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Australian small businesses continue to do it tough, at least compared to larger rivals

<> on March 15, 2016 in New York City.

Smaller Australian businesses continue to do it tough compared to larger rivals, according to a new report released by the National Australian Bank earlier today.

The bank’s quarterly SME business survey revealed that operating conditions for smaller firms remained “stable but subdued” into the first quarter of 2016 with the smallest firms “facing the most challenging conditions”.

The survey’s business conditions index held at +3 during the quarter, slightly below the series long run average of +4.

According to the NAB, outside of New South Wales and Victoria — the largest states in terms of population size and economic output — conditions elsewhere in the country all improved.

“On a state by state basis, New South Wales and Victoria remain the most resilient in terms of business conditions, but we were positively surprised by the strong gains in Queensland which recorded its first positive reading in 2 years,” said Alan Oster, chief economist at the NAB.

“This offers another indication that the non-mining recovery is gaining momentum.”

The chart below, supplied by the NAB, looks at the divergence in operating conditions and confidence across the country.

Mirroring the trend in the NAB’s broader business survey, conditions in the services sector remained buoyant, although there was a noticeable deterioration recorded in those firms operating in sectors tied to Australia’s housing market.

“Services sectors continued to outperform more traditional sectors in the quarter, although some of the earlier strong performers, such as finance, business and property services, appeared to have lost some momentum in Q1,” said Oster.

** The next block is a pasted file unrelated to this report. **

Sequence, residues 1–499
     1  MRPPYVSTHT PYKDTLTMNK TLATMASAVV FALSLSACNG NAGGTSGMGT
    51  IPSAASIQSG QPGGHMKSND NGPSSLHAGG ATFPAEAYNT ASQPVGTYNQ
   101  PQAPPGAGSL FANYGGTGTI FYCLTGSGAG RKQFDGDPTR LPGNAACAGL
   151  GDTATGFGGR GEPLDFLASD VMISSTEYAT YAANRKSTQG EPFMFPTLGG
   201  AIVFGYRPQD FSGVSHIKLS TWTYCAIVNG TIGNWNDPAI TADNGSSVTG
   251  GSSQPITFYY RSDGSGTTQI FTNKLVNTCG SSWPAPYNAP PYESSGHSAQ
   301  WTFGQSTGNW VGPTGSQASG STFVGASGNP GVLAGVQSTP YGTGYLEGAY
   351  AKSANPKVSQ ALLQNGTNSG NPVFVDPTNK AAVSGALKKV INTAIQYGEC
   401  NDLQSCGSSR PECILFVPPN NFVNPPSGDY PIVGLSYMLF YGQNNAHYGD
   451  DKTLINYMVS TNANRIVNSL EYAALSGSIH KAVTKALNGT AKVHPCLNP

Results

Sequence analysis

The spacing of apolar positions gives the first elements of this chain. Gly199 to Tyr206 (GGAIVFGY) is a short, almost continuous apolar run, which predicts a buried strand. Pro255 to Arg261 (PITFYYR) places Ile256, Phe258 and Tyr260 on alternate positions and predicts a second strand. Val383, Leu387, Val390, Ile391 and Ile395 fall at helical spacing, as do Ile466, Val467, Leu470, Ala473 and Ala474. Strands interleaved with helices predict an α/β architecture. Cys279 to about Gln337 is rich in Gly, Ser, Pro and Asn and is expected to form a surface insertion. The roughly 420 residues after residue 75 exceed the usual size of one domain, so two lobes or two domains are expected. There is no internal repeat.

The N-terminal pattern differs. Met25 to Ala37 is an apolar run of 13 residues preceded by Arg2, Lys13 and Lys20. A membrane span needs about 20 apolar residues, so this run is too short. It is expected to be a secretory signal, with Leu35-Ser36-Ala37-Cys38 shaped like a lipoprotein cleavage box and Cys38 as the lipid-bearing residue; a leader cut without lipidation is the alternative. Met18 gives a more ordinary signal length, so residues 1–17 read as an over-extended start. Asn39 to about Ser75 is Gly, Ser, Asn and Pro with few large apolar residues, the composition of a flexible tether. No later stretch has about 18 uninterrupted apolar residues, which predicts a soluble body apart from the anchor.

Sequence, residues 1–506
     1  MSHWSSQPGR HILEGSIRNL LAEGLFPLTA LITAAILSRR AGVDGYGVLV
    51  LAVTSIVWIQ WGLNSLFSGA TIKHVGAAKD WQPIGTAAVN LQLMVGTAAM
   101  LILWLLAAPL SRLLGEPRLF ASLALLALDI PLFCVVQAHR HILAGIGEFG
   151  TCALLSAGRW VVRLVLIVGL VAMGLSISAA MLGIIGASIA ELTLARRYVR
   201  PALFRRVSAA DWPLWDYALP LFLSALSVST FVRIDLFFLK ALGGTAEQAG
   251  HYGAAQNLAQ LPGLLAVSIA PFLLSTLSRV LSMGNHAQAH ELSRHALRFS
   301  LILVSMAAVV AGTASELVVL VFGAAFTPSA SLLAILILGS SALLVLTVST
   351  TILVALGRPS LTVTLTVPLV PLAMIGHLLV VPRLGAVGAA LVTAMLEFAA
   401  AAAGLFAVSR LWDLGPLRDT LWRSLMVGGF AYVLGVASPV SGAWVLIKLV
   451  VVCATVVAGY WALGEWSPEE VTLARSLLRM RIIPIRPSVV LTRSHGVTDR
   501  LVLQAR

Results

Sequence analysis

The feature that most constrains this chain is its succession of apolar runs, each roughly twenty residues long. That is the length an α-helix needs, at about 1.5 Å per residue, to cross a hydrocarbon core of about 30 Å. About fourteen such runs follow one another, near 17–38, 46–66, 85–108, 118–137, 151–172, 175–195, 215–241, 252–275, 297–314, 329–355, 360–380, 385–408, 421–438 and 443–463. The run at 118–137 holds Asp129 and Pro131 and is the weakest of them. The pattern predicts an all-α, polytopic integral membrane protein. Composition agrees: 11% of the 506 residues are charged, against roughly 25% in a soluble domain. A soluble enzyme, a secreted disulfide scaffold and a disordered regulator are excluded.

“This potentially reflects a slowing housing market nationally which is placing some pressure on small businesses in property and finance sectors in particular, and their conditions could worsen if the housing market cools further.”

Oster also noted that services targeted at households and tourists, such as health and accommodation, continued to perform “very well”.

The chart below looks at operating conditions by individual sector, comparing the results to the broader NAB business survey.

Suggesting that operating conditions could improve further in the coming quarters, forward-looking indicators such as capacity utilisation and new orders improved slightly, with the latter remaining well above the survey’s long-run average.

Expectations for capital spending also improved — mirroring the increase in the bank’s broader business survey — suggesting firms may increase investment in the quarters ahead.

Despite the conditions index holding steady and forward-looking indicators continuing to improve, the survey’s confidence gauge fell modestly, declining to 0 from +3 in the December quarter 2015. It too was below the series average of +2.

The NAB suggested that the deterioration may have been caused by increased concerns about financial market volatility and slowing global growth prospects.

Though the NAB remains confident about the outlook for Australia’s economy and labour market, particularly on the east coast, it is one of the few to forecast a rate cut from the RBA when the bank next meets on May 3.

“This is a really fine judgement on our part of a 55%/45% chance of a cut, reflecting the Bank’s ability to do slightly more to reduce Australia’s unemployment rate given the low inflation environment in Australia revealed by yesterday’s very low core CPI outcome and the prospect that in the near term at least, core inflation will run below the RBA’s target range,” said Oster.

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